Name: Julianna Poole
Language: Modern Icelandic
Location of Study: Rekjavík, Iceland
Program of Study: Summer Course in Modern Icelandic
Sponsors: Center for the Study of Languages and Cultures
A brief personal bio:
I am a first-year graduate student in the History and Philosophy of Science Ph.D. program. I studied microbiology at Ohio State University as an undergraduate, and I received a master’s degree in molecular biology from Princeton University. Coming here to Notre Dame, I moved from the biological and medical sciences to the history of science and medicine, focusing on medicine as it was practiced and understood in medieval Scandinavia.
Why this summer language abroad opportunity is important to me:
Through the SLA grant, I am able to participate in the Summer Course in Modern Icelandic, a language immersion program held in Reykjavík, Iceland, by the University of Iceland and the Árni Magnússon Institute for Icelandic Studies. For my dissertation, I plan to study the history of medicine in medieval Iceland, focusing on medical texts written in Old Norse, which is also known as Old Icelandic, and the medical practices and practitioners described in the Old Norse sagas. Knowledge of Modern Icelandic will be essential for my course work and later my dissertation because much of the current research on Old Norse texts and on the history of medieval Icelandic medicine is done in Modern Icelandic. Additionally, as many of my future colleagues will speak Modern Icelandic and many conferences in the field of Old Norse studies are held in Iceland, the ability to communicate in Modern Icelandic will be invaluable for my career after graduate school.
What I hope to achieve as a result of this summer study abroad experience:
Through the program I hope to become conversationally competent. The program will provide the essentials for me to feel comfortable holding a conversation about history and culture in Icelandic with native speakers, a skill which will be indispensable for my dissertation research and my career after graduate school. Additionally, I plan to practice my reading in order to increase the speed and ease with which I read academic papers written in Icelandic, another skill I need for my research. Finally, I plan to learn more about Icelandic culture by meeting and getting to know Icelanders. I hope to meet people with whom I can keep in touch after the summer, allowing me to maintain my language skills and continue learning about Icelandic culture.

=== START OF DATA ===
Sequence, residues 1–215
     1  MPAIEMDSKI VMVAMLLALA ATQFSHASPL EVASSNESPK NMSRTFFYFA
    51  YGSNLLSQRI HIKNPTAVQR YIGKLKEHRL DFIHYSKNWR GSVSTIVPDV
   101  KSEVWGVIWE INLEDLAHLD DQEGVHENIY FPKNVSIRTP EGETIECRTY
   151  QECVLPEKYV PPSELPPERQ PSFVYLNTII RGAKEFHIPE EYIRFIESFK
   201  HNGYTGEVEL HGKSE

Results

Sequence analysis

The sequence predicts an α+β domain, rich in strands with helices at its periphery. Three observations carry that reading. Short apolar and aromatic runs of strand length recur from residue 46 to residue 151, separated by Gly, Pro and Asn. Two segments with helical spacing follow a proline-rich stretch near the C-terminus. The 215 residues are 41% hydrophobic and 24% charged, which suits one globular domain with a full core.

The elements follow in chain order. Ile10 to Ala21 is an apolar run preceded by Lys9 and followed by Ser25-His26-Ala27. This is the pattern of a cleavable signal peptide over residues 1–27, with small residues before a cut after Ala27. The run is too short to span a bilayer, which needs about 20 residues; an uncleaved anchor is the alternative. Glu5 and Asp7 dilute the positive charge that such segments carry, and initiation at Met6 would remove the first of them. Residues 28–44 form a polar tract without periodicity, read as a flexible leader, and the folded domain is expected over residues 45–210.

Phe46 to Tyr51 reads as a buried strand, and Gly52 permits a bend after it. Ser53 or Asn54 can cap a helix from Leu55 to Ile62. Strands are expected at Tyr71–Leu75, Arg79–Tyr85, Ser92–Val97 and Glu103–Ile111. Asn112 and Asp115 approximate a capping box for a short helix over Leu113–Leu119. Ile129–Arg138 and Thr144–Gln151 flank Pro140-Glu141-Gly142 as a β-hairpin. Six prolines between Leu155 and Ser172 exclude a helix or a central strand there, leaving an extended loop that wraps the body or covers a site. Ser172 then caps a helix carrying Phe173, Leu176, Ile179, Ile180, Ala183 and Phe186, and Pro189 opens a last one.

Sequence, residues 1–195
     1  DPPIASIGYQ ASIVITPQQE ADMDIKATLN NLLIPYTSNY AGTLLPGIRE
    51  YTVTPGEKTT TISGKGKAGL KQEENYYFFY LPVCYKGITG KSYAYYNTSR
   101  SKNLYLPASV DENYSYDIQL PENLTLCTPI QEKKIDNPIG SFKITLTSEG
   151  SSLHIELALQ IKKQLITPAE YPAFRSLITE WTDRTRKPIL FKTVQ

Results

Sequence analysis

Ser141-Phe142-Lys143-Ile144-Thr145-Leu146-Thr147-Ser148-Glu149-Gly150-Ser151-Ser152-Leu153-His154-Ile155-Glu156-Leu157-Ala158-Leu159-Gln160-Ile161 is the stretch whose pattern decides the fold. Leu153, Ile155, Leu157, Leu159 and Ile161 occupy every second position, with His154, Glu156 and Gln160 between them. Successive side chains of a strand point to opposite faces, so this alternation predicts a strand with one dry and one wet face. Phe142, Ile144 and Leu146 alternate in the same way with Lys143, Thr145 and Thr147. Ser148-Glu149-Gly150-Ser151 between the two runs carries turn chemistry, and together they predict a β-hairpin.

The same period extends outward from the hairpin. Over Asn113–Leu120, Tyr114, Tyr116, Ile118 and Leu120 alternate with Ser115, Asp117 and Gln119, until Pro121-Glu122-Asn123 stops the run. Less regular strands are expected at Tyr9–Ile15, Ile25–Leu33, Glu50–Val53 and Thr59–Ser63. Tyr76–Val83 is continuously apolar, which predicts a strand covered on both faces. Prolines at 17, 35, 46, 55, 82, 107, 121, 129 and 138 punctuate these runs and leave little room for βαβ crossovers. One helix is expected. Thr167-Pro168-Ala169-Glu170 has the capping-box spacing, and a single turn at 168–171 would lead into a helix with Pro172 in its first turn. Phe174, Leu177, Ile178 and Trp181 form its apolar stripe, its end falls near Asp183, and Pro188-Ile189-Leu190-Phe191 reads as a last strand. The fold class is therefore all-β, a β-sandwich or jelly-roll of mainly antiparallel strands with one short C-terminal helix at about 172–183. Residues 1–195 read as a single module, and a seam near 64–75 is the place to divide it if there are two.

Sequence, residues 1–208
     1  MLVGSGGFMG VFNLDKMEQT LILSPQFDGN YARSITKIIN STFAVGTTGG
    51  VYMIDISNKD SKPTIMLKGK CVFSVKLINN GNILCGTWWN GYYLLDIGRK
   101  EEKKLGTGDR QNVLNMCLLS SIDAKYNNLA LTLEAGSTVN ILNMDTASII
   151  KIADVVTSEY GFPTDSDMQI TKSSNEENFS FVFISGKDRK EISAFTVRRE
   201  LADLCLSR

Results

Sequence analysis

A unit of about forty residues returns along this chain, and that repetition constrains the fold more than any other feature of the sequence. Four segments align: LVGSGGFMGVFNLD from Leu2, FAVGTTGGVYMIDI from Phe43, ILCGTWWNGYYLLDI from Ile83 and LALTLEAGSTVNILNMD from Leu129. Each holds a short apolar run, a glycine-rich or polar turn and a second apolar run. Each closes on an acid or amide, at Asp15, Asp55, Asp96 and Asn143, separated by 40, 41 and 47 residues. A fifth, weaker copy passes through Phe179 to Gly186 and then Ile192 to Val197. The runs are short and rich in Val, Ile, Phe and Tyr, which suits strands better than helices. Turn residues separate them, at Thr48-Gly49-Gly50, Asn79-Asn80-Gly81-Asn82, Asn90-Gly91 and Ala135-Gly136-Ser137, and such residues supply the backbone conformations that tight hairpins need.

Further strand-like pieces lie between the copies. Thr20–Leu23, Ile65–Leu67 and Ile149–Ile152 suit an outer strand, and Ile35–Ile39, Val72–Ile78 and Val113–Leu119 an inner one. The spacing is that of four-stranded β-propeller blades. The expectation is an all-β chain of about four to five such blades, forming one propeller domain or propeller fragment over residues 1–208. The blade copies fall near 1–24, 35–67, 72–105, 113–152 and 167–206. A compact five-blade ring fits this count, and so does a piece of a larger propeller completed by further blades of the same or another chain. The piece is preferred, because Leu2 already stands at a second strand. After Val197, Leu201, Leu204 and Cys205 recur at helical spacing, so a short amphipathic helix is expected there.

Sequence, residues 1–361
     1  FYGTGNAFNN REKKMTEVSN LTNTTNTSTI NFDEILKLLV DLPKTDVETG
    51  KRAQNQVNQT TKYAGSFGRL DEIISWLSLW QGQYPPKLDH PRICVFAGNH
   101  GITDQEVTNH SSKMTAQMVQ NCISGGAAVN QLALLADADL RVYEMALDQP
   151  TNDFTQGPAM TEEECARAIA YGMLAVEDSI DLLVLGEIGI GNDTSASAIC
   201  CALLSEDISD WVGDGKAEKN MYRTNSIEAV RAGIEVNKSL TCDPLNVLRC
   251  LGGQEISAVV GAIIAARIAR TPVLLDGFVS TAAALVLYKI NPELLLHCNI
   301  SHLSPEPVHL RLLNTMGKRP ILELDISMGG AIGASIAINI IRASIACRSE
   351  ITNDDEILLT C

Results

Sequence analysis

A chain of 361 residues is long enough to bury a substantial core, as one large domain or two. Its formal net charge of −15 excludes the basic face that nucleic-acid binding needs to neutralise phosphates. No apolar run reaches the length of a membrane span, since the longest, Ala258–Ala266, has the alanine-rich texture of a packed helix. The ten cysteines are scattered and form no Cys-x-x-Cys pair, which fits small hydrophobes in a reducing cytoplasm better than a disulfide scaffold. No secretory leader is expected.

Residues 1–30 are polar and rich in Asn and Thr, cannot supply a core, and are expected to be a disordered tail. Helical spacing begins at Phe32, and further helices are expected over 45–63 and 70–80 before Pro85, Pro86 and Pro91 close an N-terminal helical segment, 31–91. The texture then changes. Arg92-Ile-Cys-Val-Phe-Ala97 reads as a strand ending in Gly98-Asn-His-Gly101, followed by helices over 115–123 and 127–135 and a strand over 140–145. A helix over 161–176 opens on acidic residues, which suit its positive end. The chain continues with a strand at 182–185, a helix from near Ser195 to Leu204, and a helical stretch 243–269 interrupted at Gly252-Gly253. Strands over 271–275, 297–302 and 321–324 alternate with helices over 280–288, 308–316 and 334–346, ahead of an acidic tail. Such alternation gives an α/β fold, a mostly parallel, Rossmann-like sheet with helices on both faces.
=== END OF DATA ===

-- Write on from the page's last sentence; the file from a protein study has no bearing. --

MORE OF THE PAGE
My specific learning goals for language and intercultural learning this summer:
- By the end of the summer, I will be able to converse in Icelandic with native speakers on historical and cultural topics such as the Old Norse sagas, which are well-known and highly regarded in Iceland, and historical figures and events.
- By the end of the summer, I will be able to read academic papers in Icelandic with greater ease. I will have the necessary vocabulary and grammatical skills to read Icelandic without constant referrals to grammar textbooks and dictionaries.
- By the end of the summer, I will be able to interact with Icelandic colleagues in both linguistically and culturally appropriate ways.
My plan for maximizing my international language learning experience:
In order to maximize my experience in Iceland, I will participate in an independent study of Icelandic with Professor Chris Abram here at Notre Dame before I leave. This independent study will allow me to practice my Icelandic so that I truly grasp the basics of the language before I begin the immersion program. Then, when I arrive in Reykjavík, I will be ready to converse immediately with native speakers and learn more complicated language structures. Once I am in Iceland, I plan to use Icelandic exclusively both with Icelanders and with my classmates, and I intend to seek out conversations and interactions with native speakers, finding Icelandic friends with whom I can practice.